Sleep Info » Sleep in the News

Study Identifies Risk Factors for Sleep Apnea During Pregnancy

New research funded by the National Institutes of Health says it has identified risk factors for sleep apnea (interrupted breathing during sleep).  The researchers say individuals who snore, are older, and are obese are at particular risk.   “Our study found an easy, inexpensive way to screen large numbers of women at higher risk of sleep…
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“Back to Sleep” Efforts Not Working for Newborns

An analysis of trends over the past two decades finds that while there’s a significant drop in fatalities from sudden infant death syndrome (SIDS) and other sudden unexpected infant deaths (SUID), there hasn’t been a drop in such deaths among children in their first month of life.  The report from investigators from MassGeneral Hospital for Children(MGHfC)…
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The Link Between Insomnia and Depression

Many look at insomnia and think it’s a symptom of something else, such as stress, bad diet, lack of exercise, or even a disease.  But, that may not be true at all.  Researchers in Japan are looking at insomnia from a different angle — that insomnia is the cause of those problems. Using previous research…
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Scientists Hope to Learn About Human Sleep from a Sleepless Fish

Nearly all animals studied need to sleep, but little is known about why some animals sleep most of the day, while others not as much.  Researchers are trying to learn more by studying a fish that hardly sleeps at all. As a result of living in total and permanent darkness in a small location in…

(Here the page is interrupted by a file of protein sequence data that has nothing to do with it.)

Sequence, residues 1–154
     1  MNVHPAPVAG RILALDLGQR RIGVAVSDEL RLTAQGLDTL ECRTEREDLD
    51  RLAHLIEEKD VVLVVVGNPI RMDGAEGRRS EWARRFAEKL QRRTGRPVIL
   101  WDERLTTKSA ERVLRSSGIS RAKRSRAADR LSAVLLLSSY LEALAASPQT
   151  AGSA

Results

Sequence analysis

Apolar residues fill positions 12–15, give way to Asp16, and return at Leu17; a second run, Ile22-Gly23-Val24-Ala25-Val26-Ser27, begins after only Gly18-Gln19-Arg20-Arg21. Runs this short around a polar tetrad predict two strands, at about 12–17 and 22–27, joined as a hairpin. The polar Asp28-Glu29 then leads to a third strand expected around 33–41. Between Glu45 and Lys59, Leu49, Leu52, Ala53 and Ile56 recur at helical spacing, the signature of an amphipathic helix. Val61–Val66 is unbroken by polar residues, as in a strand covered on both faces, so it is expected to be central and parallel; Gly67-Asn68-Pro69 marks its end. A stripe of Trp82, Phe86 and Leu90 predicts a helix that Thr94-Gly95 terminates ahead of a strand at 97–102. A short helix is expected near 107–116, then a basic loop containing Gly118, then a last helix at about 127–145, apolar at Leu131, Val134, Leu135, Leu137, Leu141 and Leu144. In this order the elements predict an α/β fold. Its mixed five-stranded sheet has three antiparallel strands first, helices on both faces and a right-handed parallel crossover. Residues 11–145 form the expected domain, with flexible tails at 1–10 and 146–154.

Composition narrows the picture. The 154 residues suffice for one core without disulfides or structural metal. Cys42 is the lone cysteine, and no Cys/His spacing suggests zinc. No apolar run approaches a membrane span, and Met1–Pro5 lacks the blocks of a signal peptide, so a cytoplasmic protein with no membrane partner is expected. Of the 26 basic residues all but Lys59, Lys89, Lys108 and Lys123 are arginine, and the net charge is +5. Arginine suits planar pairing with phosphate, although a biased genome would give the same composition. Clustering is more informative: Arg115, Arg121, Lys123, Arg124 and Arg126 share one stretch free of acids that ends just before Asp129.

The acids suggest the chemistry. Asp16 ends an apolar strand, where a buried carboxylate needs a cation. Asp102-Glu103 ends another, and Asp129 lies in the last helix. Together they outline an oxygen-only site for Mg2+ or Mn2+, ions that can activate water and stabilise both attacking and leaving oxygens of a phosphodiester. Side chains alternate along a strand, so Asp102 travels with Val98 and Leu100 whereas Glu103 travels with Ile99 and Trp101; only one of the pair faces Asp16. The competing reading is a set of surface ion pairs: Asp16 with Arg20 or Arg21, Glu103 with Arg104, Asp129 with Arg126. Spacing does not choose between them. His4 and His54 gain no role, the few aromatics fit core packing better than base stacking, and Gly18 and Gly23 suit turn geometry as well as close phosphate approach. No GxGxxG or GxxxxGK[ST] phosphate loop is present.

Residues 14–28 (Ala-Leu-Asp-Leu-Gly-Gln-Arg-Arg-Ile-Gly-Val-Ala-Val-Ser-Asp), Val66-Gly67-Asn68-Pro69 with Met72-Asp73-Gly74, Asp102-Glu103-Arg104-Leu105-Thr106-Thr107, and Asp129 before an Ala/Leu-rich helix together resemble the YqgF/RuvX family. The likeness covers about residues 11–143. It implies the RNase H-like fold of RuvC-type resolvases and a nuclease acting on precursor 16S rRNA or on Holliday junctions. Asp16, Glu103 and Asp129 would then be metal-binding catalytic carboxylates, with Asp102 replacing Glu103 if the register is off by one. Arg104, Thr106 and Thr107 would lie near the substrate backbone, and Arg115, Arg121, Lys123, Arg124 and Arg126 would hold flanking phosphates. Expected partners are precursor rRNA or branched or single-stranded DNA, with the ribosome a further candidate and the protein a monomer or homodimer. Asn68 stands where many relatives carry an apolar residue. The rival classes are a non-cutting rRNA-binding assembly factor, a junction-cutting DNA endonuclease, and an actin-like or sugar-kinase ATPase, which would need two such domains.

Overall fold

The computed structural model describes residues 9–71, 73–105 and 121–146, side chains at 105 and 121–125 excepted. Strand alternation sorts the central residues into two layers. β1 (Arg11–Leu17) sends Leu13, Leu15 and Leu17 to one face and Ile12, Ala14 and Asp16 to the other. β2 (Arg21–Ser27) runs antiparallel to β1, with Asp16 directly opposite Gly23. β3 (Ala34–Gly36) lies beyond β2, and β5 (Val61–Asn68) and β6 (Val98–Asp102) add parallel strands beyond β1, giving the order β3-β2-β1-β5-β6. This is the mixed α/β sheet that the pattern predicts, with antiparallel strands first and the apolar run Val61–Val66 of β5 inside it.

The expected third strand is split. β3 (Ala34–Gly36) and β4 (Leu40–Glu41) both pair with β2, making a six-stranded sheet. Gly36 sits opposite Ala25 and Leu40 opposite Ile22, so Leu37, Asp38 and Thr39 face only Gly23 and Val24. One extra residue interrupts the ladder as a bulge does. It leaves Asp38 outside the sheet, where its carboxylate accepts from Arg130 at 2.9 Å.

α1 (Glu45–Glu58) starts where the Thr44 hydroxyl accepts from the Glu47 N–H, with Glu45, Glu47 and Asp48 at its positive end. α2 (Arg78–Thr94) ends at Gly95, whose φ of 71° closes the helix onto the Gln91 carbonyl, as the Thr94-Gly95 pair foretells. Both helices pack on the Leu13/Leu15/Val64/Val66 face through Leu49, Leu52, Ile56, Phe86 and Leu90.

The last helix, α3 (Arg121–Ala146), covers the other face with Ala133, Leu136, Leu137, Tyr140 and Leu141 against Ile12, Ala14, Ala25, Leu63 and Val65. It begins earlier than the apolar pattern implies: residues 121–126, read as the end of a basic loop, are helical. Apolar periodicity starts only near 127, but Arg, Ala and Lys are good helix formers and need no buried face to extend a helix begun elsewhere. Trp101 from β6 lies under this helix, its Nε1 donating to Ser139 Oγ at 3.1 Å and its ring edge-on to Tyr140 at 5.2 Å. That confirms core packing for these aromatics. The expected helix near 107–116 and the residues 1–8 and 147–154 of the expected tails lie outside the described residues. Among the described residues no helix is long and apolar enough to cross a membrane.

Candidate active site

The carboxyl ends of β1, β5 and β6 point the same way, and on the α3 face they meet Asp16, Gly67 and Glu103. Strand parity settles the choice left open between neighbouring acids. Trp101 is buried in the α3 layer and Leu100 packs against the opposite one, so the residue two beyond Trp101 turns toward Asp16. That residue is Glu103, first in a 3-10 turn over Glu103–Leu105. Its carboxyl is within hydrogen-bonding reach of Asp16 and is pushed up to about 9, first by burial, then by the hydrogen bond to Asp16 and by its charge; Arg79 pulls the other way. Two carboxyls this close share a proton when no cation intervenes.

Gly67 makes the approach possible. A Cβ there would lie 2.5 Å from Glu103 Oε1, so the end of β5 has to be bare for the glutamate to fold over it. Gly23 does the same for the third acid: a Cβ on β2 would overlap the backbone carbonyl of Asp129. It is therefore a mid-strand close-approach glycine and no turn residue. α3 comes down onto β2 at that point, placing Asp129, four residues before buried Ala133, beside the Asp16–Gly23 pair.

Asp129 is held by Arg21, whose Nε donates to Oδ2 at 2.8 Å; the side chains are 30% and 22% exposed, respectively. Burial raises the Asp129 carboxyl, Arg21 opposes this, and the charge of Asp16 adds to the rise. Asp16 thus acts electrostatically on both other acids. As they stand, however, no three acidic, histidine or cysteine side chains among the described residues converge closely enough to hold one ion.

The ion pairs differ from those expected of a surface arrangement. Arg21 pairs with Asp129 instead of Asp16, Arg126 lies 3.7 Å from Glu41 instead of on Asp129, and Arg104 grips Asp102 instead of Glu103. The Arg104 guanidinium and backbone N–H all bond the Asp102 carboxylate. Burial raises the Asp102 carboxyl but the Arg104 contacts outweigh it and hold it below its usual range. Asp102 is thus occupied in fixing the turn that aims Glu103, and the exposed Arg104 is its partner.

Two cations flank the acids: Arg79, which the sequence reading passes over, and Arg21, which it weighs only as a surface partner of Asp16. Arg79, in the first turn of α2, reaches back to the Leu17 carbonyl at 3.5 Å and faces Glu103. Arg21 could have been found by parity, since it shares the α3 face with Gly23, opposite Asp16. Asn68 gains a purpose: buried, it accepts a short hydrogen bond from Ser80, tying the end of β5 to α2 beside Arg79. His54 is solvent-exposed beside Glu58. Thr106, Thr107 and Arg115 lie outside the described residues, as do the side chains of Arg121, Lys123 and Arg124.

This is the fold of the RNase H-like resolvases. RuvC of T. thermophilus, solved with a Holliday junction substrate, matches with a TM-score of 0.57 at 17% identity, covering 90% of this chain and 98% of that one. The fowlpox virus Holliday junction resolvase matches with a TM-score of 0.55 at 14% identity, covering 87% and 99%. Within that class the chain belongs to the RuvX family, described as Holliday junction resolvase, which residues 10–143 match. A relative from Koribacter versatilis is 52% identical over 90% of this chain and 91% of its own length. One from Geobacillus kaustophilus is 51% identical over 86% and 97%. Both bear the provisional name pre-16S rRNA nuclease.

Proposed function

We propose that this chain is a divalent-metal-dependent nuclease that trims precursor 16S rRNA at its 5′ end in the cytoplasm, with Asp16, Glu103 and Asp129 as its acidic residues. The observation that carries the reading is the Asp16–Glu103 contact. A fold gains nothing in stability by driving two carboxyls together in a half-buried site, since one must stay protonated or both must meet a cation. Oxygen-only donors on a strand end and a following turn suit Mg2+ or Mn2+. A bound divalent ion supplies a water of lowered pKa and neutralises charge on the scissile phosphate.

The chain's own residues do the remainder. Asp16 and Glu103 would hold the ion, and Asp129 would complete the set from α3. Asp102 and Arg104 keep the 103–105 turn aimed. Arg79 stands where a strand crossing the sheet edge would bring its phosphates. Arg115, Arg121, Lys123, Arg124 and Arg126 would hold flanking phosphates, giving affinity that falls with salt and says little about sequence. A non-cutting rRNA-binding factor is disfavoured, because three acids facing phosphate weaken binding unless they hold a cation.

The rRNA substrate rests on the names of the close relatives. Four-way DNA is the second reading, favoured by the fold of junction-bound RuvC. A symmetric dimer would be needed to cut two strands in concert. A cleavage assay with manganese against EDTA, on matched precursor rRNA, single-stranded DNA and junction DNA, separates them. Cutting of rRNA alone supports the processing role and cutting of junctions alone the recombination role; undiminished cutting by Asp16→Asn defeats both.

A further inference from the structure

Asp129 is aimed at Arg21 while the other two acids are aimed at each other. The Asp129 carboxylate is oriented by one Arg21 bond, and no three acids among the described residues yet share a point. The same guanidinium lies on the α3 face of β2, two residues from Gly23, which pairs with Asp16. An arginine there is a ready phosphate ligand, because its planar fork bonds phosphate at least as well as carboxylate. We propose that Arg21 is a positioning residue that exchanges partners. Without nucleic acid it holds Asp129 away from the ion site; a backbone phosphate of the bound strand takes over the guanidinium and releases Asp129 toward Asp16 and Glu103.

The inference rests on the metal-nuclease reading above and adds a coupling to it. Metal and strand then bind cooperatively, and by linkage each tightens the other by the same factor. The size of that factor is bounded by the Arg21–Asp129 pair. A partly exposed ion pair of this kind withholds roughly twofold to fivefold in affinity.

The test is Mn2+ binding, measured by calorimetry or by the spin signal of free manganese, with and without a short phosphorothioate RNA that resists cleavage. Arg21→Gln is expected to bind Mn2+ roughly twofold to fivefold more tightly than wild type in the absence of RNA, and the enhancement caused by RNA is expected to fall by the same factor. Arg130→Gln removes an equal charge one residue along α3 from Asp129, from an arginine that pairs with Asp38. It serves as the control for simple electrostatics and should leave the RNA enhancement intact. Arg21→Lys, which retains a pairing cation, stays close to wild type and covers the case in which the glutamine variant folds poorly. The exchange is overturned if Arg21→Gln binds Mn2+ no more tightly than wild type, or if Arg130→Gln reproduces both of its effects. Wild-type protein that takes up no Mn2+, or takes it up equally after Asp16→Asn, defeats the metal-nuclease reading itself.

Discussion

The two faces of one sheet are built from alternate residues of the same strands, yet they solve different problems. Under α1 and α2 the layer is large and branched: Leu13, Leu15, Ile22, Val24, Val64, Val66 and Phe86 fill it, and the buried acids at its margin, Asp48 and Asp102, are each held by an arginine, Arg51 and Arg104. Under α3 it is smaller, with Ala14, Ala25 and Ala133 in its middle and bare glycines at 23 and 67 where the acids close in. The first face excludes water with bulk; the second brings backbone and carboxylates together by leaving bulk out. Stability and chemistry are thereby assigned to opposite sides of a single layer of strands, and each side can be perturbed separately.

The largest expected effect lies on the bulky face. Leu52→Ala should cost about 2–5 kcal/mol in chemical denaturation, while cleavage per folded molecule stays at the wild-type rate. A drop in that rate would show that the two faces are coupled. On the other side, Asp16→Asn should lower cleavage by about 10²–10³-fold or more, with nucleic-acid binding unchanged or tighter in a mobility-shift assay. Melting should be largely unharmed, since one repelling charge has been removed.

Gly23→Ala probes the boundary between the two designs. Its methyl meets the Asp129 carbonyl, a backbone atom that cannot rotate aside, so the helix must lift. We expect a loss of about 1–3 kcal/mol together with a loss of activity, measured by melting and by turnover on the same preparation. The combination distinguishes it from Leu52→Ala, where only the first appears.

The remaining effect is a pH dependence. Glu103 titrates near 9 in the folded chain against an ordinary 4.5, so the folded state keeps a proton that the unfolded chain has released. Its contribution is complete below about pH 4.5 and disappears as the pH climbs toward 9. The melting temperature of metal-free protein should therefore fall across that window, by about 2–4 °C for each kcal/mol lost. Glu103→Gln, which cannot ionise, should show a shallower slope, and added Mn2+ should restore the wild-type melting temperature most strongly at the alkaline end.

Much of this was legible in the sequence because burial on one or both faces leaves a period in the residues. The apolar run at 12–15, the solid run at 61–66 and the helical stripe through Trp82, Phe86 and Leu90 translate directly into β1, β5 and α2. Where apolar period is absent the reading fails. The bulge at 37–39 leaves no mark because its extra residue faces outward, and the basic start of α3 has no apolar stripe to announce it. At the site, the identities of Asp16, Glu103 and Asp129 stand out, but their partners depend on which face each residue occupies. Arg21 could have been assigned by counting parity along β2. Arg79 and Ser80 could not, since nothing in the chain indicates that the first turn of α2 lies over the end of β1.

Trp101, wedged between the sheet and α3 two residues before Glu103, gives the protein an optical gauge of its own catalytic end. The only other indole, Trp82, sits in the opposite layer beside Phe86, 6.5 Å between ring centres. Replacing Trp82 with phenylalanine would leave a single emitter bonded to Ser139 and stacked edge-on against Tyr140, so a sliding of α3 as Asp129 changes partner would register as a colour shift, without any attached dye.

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New Three-Year Project Launches to Study Insomnia

About a quarter of U.S. adults suffer from insomnia, which significantly impacts their quality of life.  But, it’s not just the individual that suffers.  Estimates put the burden of insomnia on the U.S. economy at a whopping $63 billion per year in lost productivity, increased health care expenses and costs associated with workplace errors and accidents….
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Does Apple’s “Night Shift” Really Work?

The light emitted by portable electronic devices (PEDs), particularly when used at night, has drawn a great deal of interest recently.  The main concern is over the short-wavelength “blue” light emitted by smartphones, tablets, and even televisions.  Exposure to what some call “light at night” (or LAN) can acutely suppress melatonin, a hormone produced at night and…
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Acute Sleep Loss Harder on Women than Men

New research indicates that pulling an all-nighter can impact women’s memory significantly more strongly than men. Over the last few decades, science has learned that lack of sleep harms your mind and body in a number of ways, particularly your memory. Working memory is important for keeping things in mind for briefer periods of time,…
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Body Clock Disruptions May Occur Years Before Onset of Alzheimer’s

A new study indicates that body clock disruptions may be a precursor to Alzheimer’s, and may start years or even decades before symptoms can show in brain scans. People with Alzheimer’s disease are known to have disturbances in their internal body clocks that affect the sleep/wake cycle and may increase risk of developing the disorder….
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Americans Finally Sleeping a Bit More

There’s good news and bad news for Americans and sleep.  The good news is that we’re finally getting more sleep.  Congratulations!  The bad news, however, is that it’s still not enough. “Over 14 years [2003 to 2016], Americans were getting 17 minutes more sleep every night, or a full four days more sleep per year,”…
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Writing Down Your “To-do” List Can Help You Sleep

Writing a “to-do” list at bedtime may aid in falling asleep, according to a Baylor University study. Research compared sleep patterns of participants who took five minutes to write down upcoming duties versus participants who chronicled completed activities. “We live in a 24/7 culture in which our to-do lists seem to be constantly growing and…
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